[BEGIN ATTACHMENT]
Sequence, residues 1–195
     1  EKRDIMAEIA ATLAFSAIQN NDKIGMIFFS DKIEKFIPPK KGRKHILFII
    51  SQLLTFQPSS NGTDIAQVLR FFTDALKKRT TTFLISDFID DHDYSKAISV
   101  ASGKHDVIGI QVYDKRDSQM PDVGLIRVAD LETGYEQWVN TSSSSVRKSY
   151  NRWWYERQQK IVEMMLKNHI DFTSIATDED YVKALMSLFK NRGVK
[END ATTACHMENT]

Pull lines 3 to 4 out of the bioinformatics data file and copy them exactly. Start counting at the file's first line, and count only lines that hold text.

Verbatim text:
    51  SQLLTFQPSS NGTDIAQVLR FFTDALKKRT TTFLISDFID DHDYSKAISV
   101  ASGKHDVIGI QVYDKRDSQM PDVGLIRVAD LETGYEQWVN TSSSSVRKSY